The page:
Description: Hitherto, rings have been found exclusively around the four giant planets in the Solar System. Rings are natural laboratories in which to study dynamical processes analogous to those that take place during the formation of planetary systems and galaxies. Their presence also tells us about the origin and evolution of the body they encircle. Here we report observations of a multichord stellar occultation that revealed the presence of a ring system around (10199) Chariklo, which is a Centaur--that is, one of a class of small objects orbiting primarily between Jupiter and Neptune--with an equivalent radius of 124 +/- 9 kilometres (ref. 2). There are two dense rings, with respective widths of about 7 and 3 kilometres, optical depths of 0.4 and 0.06, and orbital radii of 391 and 405 kilometres. The present orientation of the ring is consistent with an edge-on geometry in 2008, which provides a simple explanation for the dimming of the Chariklo system between 1997 and 2008, and for the gradual disappearance of ice and other absorption features in its spectrum over the same period. This implies that the rings are partly composed of water ice. They may be the remnants of a debris disk, possibly confined by embedded, kilometre-sized satellites.〈br /〉〈span class="detail_caption"〉Notes: 〈/span〉Braga-Ribas, F -- Sicardy, B -- Ortiz, J L -- Snodgrass, C -- Roques, F -- Vieira-Martins, R -- Camargo, J I B -- Assafin, M -- Duffard, R -- Jehin, E -- Pollock, J -- Leiva, R -- Emilio, M -- Machado, D I -- Colazo, C -- Lellouch, E -- Skottfelt, J -- Gillon, M -- Ligier, N -- Maquet, L -- Benedetti-Rossi, G -- Ramos Gomes, A Jr -- Kervella, P -- Monteiro, H -- Sfair, R -- El Moutamid, M -- Tancredi, G -- Spagnotto, J -- Maury, A -- Morales, N -- Gil-Hutton, R -- Roland, S -- Ceretta, A -- Gu, S-h -- Wang, X-b -- Harpsoe, K -- Rabus, M -- Manfroid, J -- Opitom, C -- Vanzi, L -- Mehret, L -- Lorenzini, L -- Schneiter, E M -- Melia, R -- Lecacheux, J -- Colas, F -- Vachier, F -- Widemann, T -- Almenares, L -- Sandness, R G -- Char, F -- Perez, V -- Lemos, P -- Martinez, N -- Jorgensen, U G -- Dominik, M -- Roig, F -- Reichart, D E -- LaCluyze, A P -- Haislip, J B -- Ivarsen, K M -- Moore, J P -- Frank, N R -- Lambas, D G -- England -- Nature. 2014 Apr 3;508(7494):72-5. doi: 10.1038/nature13155. Epub 2014 Mar 26.〈br /〉〈span class="detail_caption"〉Author address: 〈/span〉Observatorio Nacional/MCTI, Rua General Jose Cristino 77, CEP 20921-400 Rio de Janeiro, RJ, Brazil. ; LESIA, Observatoire de Paris, CNRS UMR 8109, Universite Pierre et Marie Curie, Universite Paris-Diderot, 5 place Jules Janssen, F-92195 Meudon Cedex, France. ; Instituto de Astrofisica de Andalucia, CSIC, Apartado 3004, 18080 Granada, Spain. ; Max Planck Institute for Solar System Research, Justus-von-Liebig-Weg 3, 37077 Gottingen, Germany. ; 1] Observatorio Nacional/MCTI, Rua General Jose Cristino 77, CEP 20921-400 Rio de Janeiro, RJ, Brazil [2] Observatorio do Valongo/UFRJ, Ladeira Pedro Antonio 43, CEP 20.080-090 Rio de Janeiro, RJ, Brazil [3] Observatoire de Paris, IMCCE, UPMC, CNRS, 77 Avenue Denfert-Rochereau, 75014 Paris, France. ; Observatorio do Valongo/UFRJ, Ladeira Pedro Antonio 43, CEP 20.080-090 Rio de Janeiro, RJ, Brazil. ; Institut d'Astrophysique de l'Universite de Liege, Allee du 6 Aout 17, B-4000 Liege, Belgium. ; Physics and Astronomy Department, Appalachian State University, Boone, North Carolina 28608, USA. ; Instituto de Astrofisica, Facultad de Fisica, Pontificia Universidad Catolica de Chile, Avenida Vicuna Mackenna 4860, Santiago 7820436, Chile. ; Universidade Estadual de Ponta Grossa, O.A. - DEGEO, Avenida Carlos Cavalcanti 4748, Ponta Grossa 84030-900, PR, Brazil. ; 1] Polo Astronomico Casimiro Montenegro Filho/FPTI-BR, Avenida Tancredo Neves 6731, CEP 85867-900, Foz do Iguacu, PR, Brazil [2] Universidade Estadual do Oeste do Parana (Unioeste), Avenda Tarquinio Joslin dos Santos, 1300, CEP 85870-650, Foz do Iguacu, PR, Brazil. ; 1] Ministerio de Educacion de la Provincia de Cordoba, Santa Rosa 751, Cordoba 5000, Argentina [2] Observatorio Astronomico, Universidad Nacional de Cordoba, Laprida 854, Cordoba 5000, Argentina. ; 1] Niels Bohr Institute, University of Copenhagen, Juliane Maries vej 30, 2100 Copenhagen, Denmark [2] Centre for Star and Planet Formation, Geological Museum, Oster Voldgade 5, 1350 Copenhagen, Denmark. ; Instituto de Fisica e Quimica, Avenida BPS 1303, CEP 37500-903, Itajuba, MG, Brazil. ; UNESP - Universidade Estadual Paulista, Avenida Ariberto Pereira da Cunha, 333, CEP 12516-410 Guaratingueta, SP, Brazil. ; 1] LESIA, Observatoire de Paris, CNRS UMR 8109, Universite Pierre et Marie Curie, Universite Paris-Diderot, 5 place Jules Janssen, F-92195 Meudon Cedex, France [2] Observatoire de Paris, IMCCE, UPMC, CNRS, 77 Avenue Denfert-Rochereau, 75014 Paris, France. ; 1] Observatorio Astronomico Los Molinos, DICYT, MEC, 12400 Montevideo, Uruguay [2] Departamento de Astronomia, Facultad Ciencias, Universidad de la Republica, 11300 Montevideo, Uruguay. ; Observatorio El Catalejo, Mussio 255, Santa Rosa, La Pampa 6300, Argentina. ; San Pedro de Atacama Celestial Explorations, Casilla 21, San Pedro de Atacama 1410000, Chile. ; Complejo Astronomico El Leoncito (CASLEO) and San Juan National University, Avenida Espana 1512 sur, J5402DSP, San Juan, Argentina. ; Observatorio Astronomico Los Molinos, DICYT, MEC, 12400 Montevideo, Uruguay. ; 1] Departamento de Astronomia, Facultad Ciencias, Universidad de la Republica, 11300 Montevideo, Uruguay [2] Observatorio del IPA, Consejo de Formacion en Educacion, 11800 Montevideo, Uruguay. ; 1] Yunnan Observatories, Chinese Academy of Sciences, Kunming 650011, China [2] Key Laboratory for the Structure and Evolution of Celestial Objects, Chinese Academy of Sciences, Kunming 650011, China. ; 1] Instituto de Astrofisica, Facultad de Fisica, Pontificia Universidad Catolica de Chile, Avenida Vicuna Mackenna 4860, Santiago 7820436, Chile [2] Max Planck Institute for Astronomy, Konigstuhl 17, 69117 Heidelberg, Germany. ; Department of Electrical Engineering and Center of Astro-Engineering, Pontificia Universidad Catolica de Chile, Avenida Vicuna Mackenna 4860, Santiago 7820436, Chile. ; Polo Astronomico Casimiro Montenegro Filho/FPTI-BR, Avenida Tancredo Neves 6731, CEP 85867-900, Foz do Iguacu, PR, Brazil. ; 1] Observatorio Astronomico, Universidad Nacional de Cordoba, Laprida 854, Cordoba 5000, Argentina [2] Consejo Nacional de Investigaciones Cientificas y Tecnicas (CONICET), Cordoba 5000, Argentina [3] Instituto de Astronomia Teorica y Experimental IATE-CONICET, Cordoba 5000, Argentina [4] Facultad de Ciencias Exactas, Fisicas y Naturales, Universidad Nacional de Cordoba (UNC), Cordoba 5000, Argentina. ; Observatorio Astronomico, Universidad Nacional de Cordoba, Laprida 854, Cordoba 5000, Argentina. ; Observatoire de Paris, IMCCE, UPMC, CNRS, 77 Avenue Denfert-Rochereau, 75014 Paris, France. ; Unidad de Astronomia, Facultad de Ciencias Basicas, Universidad de Antofagasta, Avenida Angamos 601, Antofagasta, Region II, Chile. ; Departamento de Astronomia, Facultad Ciencias, Universidad de la Republica, 11300 Montevideo, Uruguay. ; Scottish Universities Physics Alliance, University of St Andrews, School of Physics and Astronomy, North Haugh, St Andrews KY16 9SS, UK. ; Department of Physics and Astronomy, University of North Carolina - Chapel Hill, North Carolina 27599, USA. ; 1] Observatorio Astronomico, Universidad Nacional de Cordoba, Laprida 854, Cordoba 5000, Argentina [2] Instituto de Astronomia Teorica y Experimental IATE-CONICET, Cordoba 5000, Argentina.〈br /〉〈span class="detail_caption"〉Record origin:〈/span〉 〈a href="http://www.ncbi.nlm.nih.gov/pubmed/24670644" target="_blank"〉PubMed〈/a〉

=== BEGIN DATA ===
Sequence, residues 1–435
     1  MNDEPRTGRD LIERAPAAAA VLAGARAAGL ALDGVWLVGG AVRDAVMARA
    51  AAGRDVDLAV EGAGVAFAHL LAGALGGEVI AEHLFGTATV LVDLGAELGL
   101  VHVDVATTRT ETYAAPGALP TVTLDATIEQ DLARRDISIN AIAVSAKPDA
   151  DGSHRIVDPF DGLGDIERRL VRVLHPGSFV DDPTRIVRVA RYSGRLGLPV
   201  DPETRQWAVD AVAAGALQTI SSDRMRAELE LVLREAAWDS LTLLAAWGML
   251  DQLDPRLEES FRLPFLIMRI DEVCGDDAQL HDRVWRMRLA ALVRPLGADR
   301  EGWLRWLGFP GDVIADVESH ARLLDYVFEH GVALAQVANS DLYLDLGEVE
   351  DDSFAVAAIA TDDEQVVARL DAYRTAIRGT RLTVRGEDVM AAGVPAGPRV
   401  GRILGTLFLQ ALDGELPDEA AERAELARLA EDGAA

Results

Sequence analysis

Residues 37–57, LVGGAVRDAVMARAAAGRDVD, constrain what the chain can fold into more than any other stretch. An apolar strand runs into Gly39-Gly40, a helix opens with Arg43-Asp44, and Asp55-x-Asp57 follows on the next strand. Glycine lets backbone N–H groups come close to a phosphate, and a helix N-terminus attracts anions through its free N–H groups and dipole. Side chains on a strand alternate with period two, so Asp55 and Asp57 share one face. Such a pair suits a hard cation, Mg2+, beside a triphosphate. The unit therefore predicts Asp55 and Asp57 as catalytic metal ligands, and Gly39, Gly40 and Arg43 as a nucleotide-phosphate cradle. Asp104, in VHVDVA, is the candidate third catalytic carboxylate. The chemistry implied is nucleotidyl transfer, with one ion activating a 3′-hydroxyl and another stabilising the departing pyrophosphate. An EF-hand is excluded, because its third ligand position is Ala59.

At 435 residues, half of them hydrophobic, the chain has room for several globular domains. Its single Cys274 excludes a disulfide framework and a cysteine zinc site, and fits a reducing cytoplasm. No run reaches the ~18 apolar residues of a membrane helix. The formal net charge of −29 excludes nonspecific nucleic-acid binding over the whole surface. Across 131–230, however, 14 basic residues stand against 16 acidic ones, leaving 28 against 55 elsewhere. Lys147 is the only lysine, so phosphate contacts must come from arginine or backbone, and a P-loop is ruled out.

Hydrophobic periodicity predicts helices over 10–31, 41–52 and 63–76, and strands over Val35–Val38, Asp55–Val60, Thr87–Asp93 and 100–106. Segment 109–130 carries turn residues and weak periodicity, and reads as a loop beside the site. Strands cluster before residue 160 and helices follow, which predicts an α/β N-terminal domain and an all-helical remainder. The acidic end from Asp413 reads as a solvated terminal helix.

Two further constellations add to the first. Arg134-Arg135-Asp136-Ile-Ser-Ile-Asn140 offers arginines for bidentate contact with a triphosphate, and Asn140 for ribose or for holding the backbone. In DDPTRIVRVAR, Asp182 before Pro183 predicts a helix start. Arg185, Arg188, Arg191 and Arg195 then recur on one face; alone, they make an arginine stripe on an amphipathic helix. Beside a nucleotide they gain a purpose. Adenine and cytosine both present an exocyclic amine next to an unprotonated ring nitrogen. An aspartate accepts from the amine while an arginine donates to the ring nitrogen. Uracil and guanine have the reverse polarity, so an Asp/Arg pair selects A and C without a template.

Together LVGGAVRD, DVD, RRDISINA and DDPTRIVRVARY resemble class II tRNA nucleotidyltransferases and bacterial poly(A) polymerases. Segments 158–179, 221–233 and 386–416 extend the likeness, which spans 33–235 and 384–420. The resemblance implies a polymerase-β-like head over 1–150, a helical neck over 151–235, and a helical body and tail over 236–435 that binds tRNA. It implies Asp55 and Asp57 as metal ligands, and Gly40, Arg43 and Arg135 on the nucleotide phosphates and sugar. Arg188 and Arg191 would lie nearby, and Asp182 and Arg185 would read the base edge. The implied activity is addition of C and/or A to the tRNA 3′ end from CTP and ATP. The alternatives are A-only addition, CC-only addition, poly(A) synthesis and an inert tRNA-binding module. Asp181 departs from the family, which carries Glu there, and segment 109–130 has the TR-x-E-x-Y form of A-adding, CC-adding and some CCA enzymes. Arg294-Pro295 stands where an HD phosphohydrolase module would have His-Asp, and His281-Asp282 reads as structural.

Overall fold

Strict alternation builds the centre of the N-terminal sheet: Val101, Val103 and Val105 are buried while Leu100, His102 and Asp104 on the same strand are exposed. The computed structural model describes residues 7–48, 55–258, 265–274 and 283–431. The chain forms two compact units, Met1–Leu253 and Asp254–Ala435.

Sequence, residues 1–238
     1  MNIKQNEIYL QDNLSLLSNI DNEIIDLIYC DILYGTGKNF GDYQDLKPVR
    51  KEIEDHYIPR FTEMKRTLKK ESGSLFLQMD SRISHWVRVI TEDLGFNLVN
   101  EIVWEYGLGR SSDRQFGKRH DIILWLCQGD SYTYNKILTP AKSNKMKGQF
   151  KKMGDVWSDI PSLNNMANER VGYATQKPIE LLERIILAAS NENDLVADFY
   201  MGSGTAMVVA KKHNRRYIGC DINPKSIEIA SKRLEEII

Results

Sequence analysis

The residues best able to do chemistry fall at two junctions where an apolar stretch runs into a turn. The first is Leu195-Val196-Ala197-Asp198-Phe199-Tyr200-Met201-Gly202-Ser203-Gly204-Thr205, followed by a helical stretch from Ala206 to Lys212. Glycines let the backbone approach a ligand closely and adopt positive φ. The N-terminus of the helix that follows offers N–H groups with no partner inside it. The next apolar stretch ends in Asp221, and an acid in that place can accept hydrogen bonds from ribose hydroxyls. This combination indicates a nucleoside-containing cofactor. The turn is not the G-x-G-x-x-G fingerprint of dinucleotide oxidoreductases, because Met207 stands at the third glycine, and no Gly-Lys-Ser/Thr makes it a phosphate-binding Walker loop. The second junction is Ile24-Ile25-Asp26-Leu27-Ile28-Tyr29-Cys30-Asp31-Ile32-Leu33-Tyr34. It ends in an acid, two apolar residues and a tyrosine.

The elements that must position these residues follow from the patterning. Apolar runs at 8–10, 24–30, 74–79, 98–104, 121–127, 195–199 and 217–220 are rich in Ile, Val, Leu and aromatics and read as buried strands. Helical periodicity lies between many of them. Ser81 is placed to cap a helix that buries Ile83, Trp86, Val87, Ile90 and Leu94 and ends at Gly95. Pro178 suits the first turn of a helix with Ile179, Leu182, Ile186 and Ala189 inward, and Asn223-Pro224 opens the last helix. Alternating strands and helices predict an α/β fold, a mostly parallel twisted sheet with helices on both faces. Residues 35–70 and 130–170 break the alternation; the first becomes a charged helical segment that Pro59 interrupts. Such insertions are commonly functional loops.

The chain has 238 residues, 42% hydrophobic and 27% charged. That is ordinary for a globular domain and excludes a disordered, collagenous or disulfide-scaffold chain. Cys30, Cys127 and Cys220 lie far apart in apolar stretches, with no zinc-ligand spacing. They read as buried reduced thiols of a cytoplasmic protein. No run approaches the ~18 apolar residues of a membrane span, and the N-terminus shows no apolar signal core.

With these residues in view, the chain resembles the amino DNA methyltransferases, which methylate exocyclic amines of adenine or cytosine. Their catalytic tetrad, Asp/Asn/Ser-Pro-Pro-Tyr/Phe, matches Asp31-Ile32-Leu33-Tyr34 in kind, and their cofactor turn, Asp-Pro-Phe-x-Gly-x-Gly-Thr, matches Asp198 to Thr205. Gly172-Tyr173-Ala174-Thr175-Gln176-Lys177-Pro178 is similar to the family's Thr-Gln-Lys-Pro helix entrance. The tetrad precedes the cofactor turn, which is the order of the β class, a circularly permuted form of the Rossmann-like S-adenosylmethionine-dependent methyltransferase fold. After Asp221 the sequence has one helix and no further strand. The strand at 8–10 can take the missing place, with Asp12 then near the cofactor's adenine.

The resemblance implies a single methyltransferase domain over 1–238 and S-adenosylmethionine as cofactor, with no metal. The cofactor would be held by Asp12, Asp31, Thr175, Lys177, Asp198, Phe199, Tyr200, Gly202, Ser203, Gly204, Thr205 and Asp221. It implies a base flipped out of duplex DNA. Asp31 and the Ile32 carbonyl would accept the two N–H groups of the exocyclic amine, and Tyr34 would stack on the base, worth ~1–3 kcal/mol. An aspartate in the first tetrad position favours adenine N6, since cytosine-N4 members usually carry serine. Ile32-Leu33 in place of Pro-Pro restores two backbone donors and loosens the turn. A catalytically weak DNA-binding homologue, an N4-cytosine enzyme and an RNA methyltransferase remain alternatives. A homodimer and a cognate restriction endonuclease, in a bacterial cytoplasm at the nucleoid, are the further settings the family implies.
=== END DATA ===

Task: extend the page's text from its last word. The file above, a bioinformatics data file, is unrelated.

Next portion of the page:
Print ISSN: 0028-0836